forever, forever, ever, forever, ever

Owning a museum-quality art object is, for most people, an unattainable aspiration.   As I began my first nonprofit nerd read of the month, The $12 Million Stuffed Shark, it became even clearer that navigating the complex terrain of art buying and selling is not for the faint of heart or the light of pockets.   Occasionally, I manage to squirrel enough money away to select a print from 20×200 or purchase work from local artists who are willing to barter and/or entertain the idea of a layaway plan.  The reasons why I buy art are not always quantifiable, but it usually comes down to the personal connection I have with the work and the idea of formally honoring the labor, vision and—schmaltzy though it may sound— love behind it. 

clare twomey: forever

Leveling the art acquisition playing field is at the heart of Clare Twomey’s first U.S. solo exhibition, Forever, at The Nelson-Atkins Museum of Art  (October 8, 2010 – January 2, 2011).  Modeled after an 18th-century salt-glazed stoneware cup  in the Museum’s esteemed Burnap Collection of English Pottery, Forever is a site-specific installation of 1,345 ceramic vessels signifying the number of objects donated by Harriet and Frank Burnap in 1941.   The phrase “in trust forever” is sprinkled throughout the original Burnap Deed of Gift, which decreed the collection could never be sold, must be accessible to everyone and never displayed with any objects that are not part of the collection.  

The amount of resources expended amassing an art collection is mind-boggling, but the thought of simply passing it along to strangers is practically unbelievable.  Mirroring the spirit of the Burnap’s gift, the cups are being given away via a random selection system to anyone willing to sign a Deed of Trust for its care forever.   

For someone like me who could never hope to afford such a thing, this was an opportunity I could not ignore.   Museum members got first shot at the selection during the October 8, 2010 preview day [best member benefit ever!].  By 10:00 a.m., I was ready to select my intended Cup.  I spent quite a while inspecting them, noticing the slight differences in the individually-applied handles and surface variations.  I chose #1130, symbolic of the anniversary of my first date with The Roommate, November 30.    The gallery buzzed as everyone related the story behind their chosen cup and  how they planned to display it if selected.  It was a welcome jolt to my art-infused soul.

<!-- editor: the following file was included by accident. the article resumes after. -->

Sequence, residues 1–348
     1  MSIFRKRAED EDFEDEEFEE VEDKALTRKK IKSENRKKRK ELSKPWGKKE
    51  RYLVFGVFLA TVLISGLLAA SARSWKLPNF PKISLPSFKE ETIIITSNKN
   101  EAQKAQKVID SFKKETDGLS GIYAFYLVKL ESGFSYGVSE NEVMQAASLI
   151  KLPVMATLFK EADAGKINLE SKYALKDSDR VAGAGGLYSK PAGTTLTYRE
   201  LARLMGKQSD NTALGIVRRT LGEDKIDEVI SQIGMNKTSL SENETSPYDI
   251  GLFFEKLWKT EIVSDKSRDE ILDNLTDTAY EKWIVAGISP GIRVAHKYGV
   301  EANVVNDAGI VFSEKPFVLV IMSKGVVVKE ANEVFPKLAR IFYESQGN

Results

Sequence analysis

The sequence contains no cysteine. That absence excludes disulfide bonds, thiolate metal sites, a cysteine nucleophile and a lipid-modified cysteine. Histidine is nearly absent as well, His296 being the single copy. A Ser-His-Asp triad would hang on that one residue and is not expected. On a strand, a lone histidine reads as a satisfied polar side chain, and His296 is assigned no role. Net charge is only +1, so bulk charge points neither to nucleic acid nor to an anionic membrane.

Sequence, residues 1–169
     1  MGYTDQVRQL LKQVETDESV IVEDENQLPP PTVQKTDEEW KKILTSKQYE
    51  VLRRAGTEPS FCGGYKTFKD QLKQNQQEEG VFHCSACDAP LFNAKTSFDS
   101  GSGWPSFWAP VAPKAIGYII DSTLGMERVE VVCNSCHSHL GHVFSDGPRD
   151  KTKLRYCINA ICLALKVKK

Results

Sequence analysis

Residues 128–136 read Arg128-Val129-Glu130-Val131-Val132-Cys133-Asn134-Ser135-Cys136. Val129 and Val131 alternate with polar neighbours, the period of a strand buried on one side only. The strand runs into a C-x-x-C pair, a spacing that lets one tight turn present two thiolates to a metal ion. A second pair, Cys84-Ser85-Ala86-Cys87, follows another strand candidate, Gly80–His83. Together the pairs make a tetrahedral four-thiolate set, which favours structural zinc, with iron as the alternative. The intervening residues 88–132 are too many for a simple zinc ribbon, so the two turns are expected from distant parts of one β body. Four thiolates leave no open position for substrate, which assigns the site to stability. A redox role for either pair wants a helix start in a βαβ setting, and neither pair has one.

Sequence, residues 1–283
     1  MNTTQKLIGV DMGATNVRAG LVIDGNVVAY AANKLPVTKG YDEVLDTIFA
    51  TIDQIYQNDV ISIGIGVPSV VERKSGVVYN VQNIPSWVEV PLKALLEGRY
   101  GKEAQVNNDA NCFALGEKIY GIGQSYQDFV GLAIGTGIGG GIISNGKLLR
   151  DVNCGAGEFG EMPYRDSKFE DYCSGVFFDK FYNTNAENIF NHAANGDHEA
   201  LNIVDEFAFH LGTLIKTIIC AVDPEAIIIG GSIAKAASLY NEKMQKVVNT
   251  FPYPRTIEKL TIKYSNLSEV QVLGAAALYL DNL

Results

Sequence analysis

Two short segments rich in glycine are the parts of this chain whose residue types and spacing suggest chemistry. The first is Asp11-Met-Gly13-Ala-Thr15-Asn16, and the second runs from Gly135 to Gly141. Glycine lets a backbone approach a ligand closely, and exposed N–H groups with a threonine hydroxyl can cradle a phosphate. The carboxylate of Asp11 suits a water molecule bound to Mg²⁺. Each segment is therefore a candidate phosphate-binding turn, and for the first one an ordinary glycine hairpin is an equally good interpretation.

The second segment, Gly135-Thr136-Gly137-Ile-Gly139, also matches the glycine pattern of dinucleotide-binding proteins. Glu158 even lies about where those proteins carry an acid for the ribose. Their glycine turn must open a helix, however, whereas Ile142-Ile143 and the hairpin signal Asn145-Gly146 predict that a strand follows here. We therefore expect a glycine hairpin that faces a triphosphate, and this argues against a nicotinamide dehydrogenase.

the roommate's selection

When The Roommate graciously joined me for lunch that afternoon, he threw his hat into the Forever ring as well, selecting #0115, which corresponds with our wedding date, January 15  [I know—it’s all sickeningly romantic].  I said a silent prayer to the fates, honestly grateful for the experience, but no false modesty here—I really, really wanted a cup. 

As I drove to work this morning, I was motivated and energized.  Forever had sparked something inside of me and I did not want that feeling to go away.

Luckily, it didn’t.  “I just got an email,” The Roommate said over my cell’s speaker phone as I neared the Museum.  “Dear Member, we are delighted to inform you that you were selected as the owner—” Honestly, I didn’t hear the rest because I was screaming like crazy and trying to keep from driving off the road!

Safely at the Museum, I took a moment to compose myself and rushed to the gallery, joining the throng of freshly-minted owners.  We oohed and ahhed over the cups like proud parents of newborn babies.  One woman told me, “I barely believed it when I got the email.  Now I’m a part of art.”  Another said, “I just chose the one that looked the best to me.”

hello, philanthropy!

 It was great talking with Catherine Futter, the Helen Jane and R. Hugh “Pat” Uhlmann Curator of Decorative Arts, about the origins of the exhibition and her feelings upon finally realizing a project that was years in the making.  Catherine also introduced me to Clare Twomey, whom she had already informed of my cool-headed reaction to being selected.   Clare was warm and charming, stating that the best part of the work was hearing why the cups were chosen.   When she asked me to show her my cup and tell her the story behind it, she seemed genuinely touched and it was amazing to share that moment with her.


artist & lender

Art is often perceived as an elitist activity.  Forever shatters that convention, bringing art to the masses in the most egalitarian way possible.  It encourages community, conversation, connection and engagement, and is ultimately responsible for one of the best days I’ve ever had!


Have you ever felt transformed by an art exhibition? What does forever mean to you?

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